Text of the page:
Chester Williams broke barriers and gave hope to young black rugby players

Chester Williams was planning to attend the 2019 Rugby World Cup in Japan.             Image: Esa Alexander

Few South African rugby players have attained such lofty status that their full names aren’t required to know who they are. Joost‚ Victor and Schalk are three. And Chester.

Chester Williams‚ who died on Friday after suffering a heart attack in his Cape Town home following a gym session‚ was one of the post-Apartheid era greats.

His Test numbers are good‚ as 14 tries in 27 Tests‚ including a 1995 World Cup winners’ medal and a 1998 Tri-Nations title‚ suggests‚ but he was so much more than a mere statistic. His greatness came from breaking barriers.

Williams‚ 49‚ was an icon‚ an inspiration and a nation-builder. His presence in the Bok team allowed other black players to dream about representing South Africa in those early post-Apartheid years. He was the embodiment of hope for so many marginalised rugby players and a player who broke down barriers.

Those resistant to change couldn’t help but like‚ and eventually adore‚ the man from a modest‚ God-fearing upbringing in Paarl.

His determination‚ skill‚ ability and above all charm and class won over many conservatives who still believed the Springboks were the exclusive reserve of white players. Williams’s infectious smile could light up a room and thaw the most hardened conservative heart.

He became known as the ‘Black Pearl’ and at one stage a marketing person even suggested changing Newlands’ name to ‘Chesterfield’‚ such was his fame.

Having grown up in a rugby family it was inevitable that the sport would play some part in his adult life.

His father and uncle Adam played for the Proteas – representative of the SA Rugby Football Federation in racially-segregated rugby. Another uncle‚ Randell‚ played SA Schools.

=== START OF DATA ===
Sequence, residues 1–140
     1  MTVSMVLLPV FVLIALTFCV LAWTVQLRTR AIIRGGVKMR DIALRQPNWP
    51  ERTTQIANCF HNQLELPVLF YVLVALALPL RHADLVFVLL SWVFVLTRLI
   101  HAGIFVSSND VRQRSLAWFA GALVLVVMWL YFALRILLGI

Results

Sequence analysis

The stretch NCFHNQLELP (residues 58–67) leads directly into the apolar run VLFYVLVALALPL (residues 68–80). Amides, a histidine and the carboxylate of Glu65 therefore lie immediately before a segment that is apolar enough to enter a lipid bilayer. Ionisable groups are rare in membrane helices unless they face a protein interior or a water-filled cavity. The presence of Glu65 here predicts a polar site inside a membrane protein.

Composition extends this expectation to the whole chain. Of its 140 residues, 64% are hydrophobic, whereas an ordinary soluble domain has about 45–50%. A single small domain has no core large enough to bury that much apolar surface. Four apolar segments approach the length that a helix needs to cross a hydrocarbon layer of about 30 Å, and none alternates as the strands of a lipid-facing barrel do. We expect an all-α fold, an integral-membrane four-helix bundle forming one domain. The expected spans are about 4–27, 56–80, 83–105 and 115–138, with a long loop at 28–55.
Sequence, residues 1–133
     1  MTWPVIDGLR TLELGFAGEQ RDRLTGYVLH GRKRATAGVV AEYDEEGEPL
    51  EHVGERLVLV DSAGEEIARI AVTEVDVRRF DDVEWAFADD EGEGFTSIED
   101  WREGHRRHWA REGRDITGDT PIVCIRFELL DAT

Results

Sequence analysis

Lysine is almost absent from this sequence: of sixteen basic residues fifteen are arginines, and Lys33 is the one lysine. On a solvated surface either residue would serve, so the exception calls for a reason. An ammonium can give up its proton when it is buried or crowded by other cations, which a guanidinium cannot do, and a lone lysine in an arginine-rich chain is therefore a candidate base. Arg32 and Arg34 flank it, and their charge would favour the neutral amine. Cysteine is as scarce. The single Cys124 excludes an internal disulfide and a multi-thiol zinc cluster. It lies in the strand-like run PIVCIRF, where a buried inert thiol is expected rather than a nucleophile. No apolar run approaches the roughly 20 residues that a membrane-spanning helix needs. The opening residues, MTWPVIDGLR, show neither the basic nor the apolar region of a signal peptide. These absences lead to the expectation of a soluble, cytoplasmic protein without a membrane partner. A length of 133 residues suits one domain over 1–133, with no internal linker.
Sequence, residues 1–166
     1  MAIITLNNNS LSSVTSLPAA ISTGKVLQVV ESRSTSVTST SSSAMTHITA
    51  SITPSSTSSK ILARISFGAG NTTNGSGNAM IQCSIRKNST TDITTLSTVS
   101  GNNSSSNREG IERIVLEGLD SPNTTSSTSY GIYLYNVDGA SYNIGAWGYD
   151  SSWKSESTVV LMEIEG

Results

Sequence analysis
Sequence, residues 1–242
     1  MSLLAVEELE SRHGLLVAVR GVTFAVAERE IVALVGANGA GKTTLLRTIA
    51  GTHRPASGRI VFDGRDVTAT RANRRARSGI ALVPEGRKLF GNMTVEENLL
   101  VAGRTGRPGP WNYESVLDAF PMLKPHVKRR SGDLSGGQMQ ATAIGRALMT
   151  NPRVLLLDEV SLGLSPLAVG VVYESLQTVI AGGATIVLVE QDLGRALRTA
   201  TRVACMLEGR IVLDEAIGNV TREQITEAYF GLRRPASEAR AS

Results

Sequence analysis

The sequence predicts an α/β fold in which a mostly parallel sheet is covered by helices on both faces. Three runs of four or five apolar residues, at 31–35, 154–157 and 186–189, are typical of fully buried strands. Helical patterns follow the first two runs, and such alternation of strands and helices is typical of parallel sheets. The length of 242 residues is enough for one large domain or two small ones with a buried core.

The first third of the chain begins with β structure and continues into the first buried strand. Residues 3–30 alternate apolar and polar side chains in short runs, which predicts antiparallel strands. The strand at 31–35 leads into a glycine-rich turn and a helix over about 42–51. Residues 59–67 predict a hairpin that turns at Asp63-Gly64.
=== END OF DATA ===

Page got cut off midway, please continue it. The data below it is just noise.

Chester Williams’s uncle Avril was the second black man to play for the Springboks when he featured against England in 1984. Chester would follow those footsteps against Argentina in 1993.

He attended Klein Nederberg School in Paarl and in 1988 was included in the WP League Craven Week team that also featured future Bok Tinus Linee.

That team beat the mighty Free State of Ruben Kruger and Pieter Muller in the opening match of the week and although Williams wasn’t chosen for SA Schools‚ his performances gained attention.

After school he made his way through the ranks at WP‚ debuting in the early 1990s and touring with the Boks for the first time to Australia in 1993. Although he didn’t play a Test on that trip he was primed and ready for the moment‚ which eventually came later that year against Argentina in Buenos Aires.

Williams scored the first of his 14 Test tries as the Boks won 52-23 and was chosen as the SA Player of the Year despite being overlooked for the Test team against the world champion Wallabies.

A small man‚ even by the standards of rugby in the 1990s‚ Williams always played with courage and skill and was a tireless worker and a magnificent fighter.